The only way to prepare for the chaos of photojournalism is to practice for it
By Clarion News staff
LINCOLN UNIVERSITY – A man using a chainsaw suffers fatal injuries. Police arrive with a white sheet to shield him from public view. Soon after, media attempt to capture the horrific scene for the afternoon news, websites, and social media sites. For the journalists, time is of the essence – the police will likely close the scene at any time.
“Go! Go! Go! Go!,” yells assistant professor of journalism Will Sites to his JOU 475 photojournalism students. “There’s been a worker fatally injured by a chainsaw – we need photos and we need them now!” The surprised students are told to go outside.
Near the Elliff Hall parking lot, Lincoln University Police Chief Gary Hill and two of his officers stand near a body covered with a bloody white sheet. Nearby lies a chainsaw, the all-too-obvious tool of the victim’s demise. Yellow police tape frames a perimeter of no trespass, guarded by the three officers. Students are handed Canon DSLR 35mm cameras, the obvious assignment to capture the scene as quickly as possible. The police, by design, are less than forthcoming with answers to questions.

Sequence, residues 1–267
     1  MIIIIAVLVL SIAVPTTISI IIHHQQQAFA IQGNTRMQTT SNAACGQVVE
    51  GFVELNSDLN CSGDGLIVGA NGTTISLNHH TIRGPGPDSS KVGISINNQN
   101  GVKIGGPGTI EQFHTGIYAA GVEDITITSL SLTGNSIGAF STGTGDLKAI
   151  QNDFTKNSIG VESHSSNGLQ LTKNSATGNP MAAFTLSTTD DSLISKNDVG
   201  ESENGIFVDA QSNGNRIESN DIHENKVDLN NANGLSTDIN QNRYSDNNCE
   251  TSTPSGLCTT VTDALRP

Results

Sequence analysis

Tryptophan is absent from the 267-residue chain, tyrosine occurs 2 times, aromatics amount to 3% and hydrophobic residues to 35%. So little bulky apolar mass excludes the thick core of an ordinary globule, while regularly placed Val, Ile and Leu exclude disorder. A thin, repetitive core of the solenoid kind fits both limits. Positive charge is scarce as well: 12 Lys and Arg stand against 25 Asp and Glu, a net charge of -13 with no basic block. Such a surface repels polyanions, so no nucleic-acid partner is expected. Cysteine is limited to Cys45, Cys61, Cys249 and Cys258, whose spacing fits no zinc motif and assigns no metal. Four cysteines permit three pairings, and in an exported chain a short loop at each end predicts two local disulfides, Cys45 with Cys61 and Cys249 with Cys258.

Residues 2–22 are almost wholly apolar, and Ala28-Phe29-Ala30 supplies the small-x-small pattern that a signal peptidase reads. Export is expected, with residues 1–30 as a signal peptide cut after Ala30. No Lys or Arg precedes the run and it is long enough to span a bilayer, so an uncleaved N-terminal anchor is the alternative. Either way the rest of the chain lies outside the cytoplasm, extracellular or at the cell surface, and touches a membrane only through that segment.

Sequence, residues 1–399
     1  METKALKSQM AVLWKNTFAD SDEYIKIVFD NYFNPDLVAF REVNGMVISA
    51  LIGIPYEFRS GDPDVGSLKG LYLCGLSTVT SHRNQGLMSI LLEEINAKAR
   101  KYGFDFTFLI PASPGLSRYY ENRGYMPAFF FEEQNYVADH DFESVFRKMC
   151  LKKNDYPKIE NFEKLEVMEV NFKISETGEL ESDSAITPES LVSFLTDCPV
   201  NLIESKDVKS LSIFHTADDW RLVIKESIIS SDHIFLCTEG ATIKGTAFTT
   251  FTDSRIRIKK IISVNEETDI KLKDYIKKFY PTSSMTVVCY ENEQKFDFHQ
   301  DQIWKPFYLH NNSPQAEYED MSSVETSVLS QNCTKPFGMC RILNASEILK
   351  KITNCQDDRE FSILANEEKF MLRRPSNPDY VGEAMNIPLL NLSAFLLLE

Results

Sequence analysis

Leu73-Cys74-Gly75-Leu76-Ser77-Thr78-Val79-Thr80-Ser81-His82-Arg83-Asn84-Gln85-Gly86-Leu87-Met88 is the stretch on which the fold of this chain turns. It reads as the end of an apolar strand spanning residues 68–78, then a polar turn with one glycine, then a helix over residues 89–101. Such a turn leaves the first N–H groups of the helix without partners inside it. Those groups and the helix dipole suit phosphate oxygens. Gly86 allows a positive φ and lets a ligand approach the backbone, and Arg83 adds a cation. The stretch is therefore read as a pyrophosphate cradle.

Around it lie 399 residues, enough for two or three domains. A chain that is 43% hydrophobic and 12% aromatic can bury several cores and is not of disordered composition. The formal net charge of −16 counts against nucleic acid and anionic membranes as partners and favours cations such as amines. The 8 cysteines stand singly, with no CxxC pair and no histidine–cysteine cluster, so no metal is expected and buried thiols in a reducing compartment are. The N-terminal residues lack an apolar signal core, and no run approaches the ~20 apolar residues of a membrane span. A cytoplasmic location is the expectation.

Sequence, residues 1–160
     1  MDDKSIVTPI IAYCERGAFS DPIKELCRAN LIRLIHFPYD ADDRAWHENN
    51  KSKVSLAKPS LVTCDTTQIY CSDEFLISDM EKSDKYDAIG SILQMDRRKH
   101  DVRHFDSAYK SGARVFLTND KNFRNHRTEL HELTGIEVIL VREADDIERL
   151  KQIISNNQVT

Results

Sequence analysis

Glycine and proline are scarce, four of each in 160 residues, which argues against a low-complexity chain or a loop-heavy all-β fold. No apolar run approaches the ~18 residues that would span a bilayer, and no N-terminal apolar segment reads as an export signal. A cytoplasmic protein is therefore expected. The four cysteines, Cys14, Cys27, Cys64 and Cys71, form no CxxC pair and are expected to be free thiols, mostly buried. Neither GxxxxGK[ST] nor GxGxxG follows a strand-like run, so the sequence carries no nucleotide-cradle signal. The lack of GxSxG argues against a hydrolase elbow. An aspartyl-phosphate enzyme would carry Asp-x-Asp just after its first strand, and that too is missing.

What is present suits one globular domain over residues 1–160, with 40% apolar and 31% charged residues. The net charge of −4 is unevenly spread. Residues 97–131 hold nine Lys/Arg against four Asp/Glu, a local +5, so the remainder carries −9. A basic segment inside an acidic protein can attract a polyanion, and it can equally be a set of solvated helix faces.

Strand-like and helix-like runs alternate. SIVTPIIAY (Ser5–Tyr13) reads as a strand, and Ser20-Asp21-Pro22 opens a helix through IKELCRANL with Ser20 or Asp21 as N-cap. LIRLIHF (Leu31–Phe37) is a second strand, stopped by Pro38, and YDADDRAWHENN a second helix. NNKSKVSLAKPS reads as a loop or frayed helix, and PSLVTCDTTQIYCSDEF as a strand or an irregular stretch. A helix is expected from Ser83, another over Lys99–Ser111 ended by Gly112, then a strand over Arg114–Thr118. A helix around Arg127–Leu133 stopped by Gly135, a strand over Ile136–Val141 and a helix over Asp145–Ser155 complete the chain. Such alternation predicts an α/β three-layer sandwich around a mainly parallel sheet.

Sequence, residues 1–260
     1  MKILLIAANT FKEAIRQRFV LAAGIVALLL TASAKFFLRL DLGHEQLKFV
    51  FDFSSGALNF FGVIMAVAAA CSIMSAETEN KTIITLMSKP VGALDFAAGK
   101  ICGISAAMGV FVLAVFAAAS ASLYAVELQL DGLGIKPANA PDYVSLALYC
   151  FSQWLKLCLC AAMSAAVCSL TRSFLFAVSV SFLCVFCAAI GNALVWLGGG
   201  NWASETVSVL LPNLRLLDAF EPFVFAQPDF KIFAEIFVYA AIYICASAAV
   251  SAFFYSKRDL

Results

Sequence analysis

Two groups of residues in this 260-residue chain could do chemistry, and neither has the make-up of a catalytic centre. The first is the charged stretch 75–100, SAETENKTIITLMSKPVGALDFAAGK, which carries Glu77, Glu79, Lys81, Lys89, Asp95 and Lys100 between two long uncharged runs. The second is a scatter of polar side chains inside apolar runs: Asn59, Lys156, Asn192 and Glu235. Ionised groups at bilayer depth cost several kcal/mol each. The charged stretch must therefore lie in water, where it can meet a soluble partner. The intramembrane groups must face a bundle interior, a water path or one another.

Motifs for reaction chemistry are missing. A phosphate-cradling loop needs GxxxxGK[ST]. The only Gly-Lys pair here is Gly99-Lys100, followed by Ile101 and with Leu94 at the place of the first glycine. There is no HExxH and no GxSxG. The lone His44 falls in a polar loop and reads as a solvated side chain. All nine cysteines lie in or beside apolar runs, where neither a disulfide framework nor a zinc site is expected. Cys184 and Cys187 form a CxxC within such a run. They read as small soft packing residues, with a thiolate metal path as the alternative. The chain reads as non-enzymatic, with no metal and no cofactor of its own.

“I’m a firm believer that news photography is best learned on the streets, not in the classrooms,” says Sites, an assistant professor of journalism in his sixth year at Lincoln. “We can’t always take students to breaking news events, but we can simulate them with realistic mock accidents and crime scenes.” Sites says that the campus police department has always been great at making the scenes real and treating the students in the manner that they will experience in the field.
At the mock accident scene, journalism students were instructed to take five photographs. Sites says that the imposed limitation forces the photographer to focus on each photo, instead of zipping-off dozens of digital images. “I was a photojournalist in the days of film,” Sites says. “I might have one roll of 36 exposures for several events – I had to make my shots count.”
Sites says that this is the first photojournalism course taught at LU since he arrived in 2014. He notes that although everyone takes a lot of phone photos, the art of photography is being lost in the digital age. News photography, he says, requires an understanding of lighting, composition, and the limits of equipment.
“Today’s newsrooms need multimedia journalists,” Sites says. “Being a good photojournalist is one of the skills they often demand.”